No Pretty Songs, Gentlemen: Exploring Art and Politics in Hunts Point


A 16-year-old boy with a megaphone repeatedly shouted, “No pretty songs, gentlemen. No pretty songs,” as he stood on the corner of 163rd Street and Southern Boulevard in the Hunts Point section of the Bronx. Next to him, a  group of teens hoisted picket signs scrawled with variations of the slogan I heart pretty songs. Then the eight teenagers hopped on the  subway, collectively planting their noses in books titled “Wake Up America” while fellow passengers stared quizzically at the group reading intently from the identical volumes.

The student artists who staged these random performances around the city call them “interventions.” They are the basis for the multimedia installation entitled “No Pretty Songs, Gentlemen,” which showcases five such videotaped interventions in which students examine the phrases and actions of musician and civil rights activist Paul Robeson during the Peekskill Riots in 1949 in order to draw parallels to the human rights and freedom of speech struggles of artists today.

Student artist Bill Martinez, 16, who lives in Hunts Point, got involved with the project when a staff member at Casita Maria, a not-for-profit arts and education center in Hunts Point, noticed that Martinez had a knack for video editing. Martinez applied for an internship working on th einstallation in June and dedicated two weeks at the end of August to the project.

“It kind of expanded my interest in art,” Martinez said. “It got me to want to do more interventions and videotape them more. When I see something nowadays on the news that I think is wrong, or that I don’t like, or that I’m against, I’ll make a video about it.”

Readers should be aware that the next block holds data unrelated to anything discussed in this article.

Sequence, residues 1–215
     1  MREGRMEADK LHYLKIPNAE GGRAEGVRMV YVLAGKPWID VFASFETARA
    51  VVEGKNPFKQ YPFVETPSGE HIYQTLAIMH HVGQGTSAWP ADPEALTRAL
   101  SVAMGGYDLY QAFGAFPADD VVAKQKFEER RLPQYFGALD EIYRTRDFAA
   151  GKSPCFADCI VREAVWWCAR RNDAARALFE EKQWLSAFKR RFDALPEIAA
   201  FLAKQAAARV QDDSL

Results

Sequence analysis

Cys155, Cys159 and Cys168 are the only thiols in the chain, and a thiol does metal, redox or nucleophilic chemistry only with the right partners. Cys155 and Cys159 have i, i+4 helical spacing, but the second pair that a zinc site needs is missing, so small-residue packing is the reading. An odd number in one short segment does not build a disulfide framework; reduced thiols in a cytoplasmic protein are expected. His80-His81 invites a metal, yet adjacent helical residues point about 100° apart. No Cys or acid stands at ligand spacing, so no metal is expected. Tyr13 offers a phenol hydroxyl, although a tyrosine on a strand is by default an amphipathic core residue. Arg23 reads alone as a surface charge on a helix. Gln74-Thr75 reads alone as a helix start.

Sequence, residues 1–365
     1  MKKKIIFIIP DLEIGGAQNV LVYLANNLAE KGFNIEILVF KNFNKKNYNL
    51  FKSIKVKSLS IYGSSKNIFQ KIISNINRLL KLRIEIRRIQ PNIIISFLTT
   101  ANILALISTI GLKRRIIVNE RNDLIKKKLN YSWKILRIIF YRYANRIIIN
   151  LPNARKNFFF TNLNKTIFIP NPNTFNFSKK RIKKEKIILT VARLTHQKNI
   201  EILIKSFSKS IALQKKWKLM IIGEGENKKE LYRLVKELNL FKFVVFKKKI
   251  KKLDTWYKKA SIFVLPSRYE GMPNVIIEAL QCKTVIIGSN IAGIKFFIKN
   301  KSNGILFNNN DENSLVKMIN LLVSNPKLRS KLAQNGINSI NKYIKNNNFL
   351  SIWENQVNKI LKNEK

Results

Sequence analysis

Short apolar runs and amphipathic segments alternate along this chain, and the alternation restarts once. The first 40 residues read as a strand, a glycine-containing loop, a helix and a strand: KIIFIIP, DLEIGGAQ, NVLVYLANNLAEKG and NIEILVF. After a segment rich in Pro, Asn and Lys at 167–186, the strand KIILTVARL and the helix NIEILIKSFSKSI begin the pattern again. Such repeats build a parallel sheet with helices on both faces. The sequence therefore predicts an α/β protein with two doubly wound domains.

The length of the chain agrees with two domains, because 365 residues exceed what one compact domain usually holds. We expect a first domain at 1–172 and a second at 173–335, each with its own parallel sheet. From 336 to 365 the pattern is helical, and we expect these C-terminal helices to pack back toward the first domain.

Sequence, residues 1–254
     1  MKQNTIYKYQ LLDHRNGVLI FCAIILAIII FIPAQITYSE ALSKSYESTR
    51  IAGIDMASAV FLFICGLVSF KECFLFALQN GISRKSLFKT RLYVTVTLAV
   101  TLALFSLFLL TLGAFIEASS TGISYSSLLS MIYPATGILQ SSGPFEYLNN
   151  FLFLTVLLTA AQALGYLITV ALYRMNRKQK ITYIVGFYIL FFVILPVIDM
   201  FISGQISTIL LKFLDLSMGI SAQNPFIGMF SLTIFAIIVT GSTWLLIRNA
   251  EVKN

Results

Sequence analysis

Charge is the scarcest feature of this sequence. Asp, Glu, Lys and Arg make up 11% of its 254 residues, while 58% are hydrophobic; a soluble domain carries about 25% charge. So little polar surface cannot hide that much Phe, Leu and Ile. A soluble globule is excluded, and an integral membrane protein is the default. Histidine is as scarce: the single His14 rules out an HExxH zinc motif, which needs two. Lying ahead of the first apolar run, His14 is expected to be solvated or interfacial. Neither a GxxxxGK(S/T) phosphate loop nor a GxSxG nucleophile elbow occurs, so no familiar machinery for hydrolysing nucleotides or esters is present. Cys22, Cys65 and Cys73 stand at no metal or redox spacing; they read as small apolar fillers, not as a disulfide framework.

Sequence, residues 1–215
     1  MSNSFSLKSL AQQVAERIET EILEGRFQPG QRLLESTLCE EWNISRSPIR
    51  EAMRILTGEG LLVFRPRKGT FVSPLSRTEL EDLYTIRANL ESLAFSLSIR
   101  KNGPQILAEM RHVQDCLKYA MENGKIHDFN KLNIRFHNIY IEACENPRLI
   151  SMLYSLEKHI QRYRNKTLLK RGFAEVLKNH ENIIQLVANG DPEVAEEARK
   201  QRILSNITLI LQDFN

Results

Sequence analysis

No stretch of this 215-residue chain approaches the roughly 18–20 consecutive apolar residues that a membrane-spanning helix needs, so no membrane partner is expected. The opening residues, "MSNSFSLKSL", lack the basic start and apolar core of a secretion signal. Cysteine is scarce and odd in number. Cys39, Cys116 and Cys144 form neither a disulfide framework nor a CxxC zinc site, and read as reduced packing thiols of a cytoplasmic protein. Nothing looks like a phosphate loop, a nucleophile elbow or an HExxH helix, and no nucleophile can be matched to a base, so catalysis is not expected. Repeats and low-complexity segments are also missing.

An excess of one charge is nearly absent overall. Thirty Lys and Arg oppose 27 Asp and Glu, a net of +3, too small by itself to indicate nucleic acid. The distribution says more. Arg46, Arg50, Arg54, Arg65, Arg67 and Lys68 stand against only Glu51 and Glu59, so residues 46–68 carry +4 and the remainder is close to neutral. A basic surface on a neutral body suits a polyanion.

The diverse group of high school students who participated in the exhibition includes four students from the South Bronx, who became involved with the project through Casita Maria, and four students from Manhattan and Brooklyn, who were Scholastic art and writing award winners. The students worked alongside sound artist Seth Kim-Cohen to plan, perform, film, and edit the installation. On opening night, the students beamed as they described to their parents and friends how they came up with the idea for a performance, or how they hit a roadblock trying to edit a video.

Kim-Cohen worked with students to build the exhibition around Paul Robeson but also to help students unlock their own ideas about performance art and political speech. As a starting point, Kim-Cohen introduced students to the Peekskill Riots, which took place on Sept. 4, 1949, when Robeson held a concert 45 miles north of the city in Peekskill, N.Y.

Robeson publicly expressed Soviet sympathies and, in the era of McCarthyism, anti-Communists and Klu Klux Klan members banded together to protest Robeson’s concert. The anti-Communist fervor was so great at the time that Robeson’s concert was previously scheduled on Aug. 27, 1949, and was cancelled because of violent initial protests.

Robeson returned to Peekskill to perform five days later, protected by police and organized labor members from New York City’s trade unions. After the concert, protestors rioted, injuring 140 and causing extensive property damage. The Peekskill Riots came to be viewed as a symbol of the hysteria that surrounded the Red Scare in the United States after World War II.

Students explored the underlying meaning of the incident, its impact on freedom of speech and human rights, and the role of artists in political speech and found a contemporary parallel in the Russian punk band Pussy Riot.  On Aug. 17, the feminist girl group was sentenced to two years in jail on charges of hooliganism after trying last February to perform a song critical of Russian President Vladimir Putin in Moscow’s historic Christ Savior Cathedral.

Kim-Cohen explained that his goal is to do more than just show the students how he works as an artist. “At the very least, if they get nothing out of the artistic process of watching how I make an exhibition happen, they would at least learn something about Paul Robeson and the history of civil rights in America and labor issues in America,” he said.

“No Pretty Songs, Gentlemen” opened Aug. 31 and runs through Sept. 29 at the Casita Maria Center for Arts and Education gallery space located at East 163rd Street and Simpson Street in the Hunts Point section of the Bronx.

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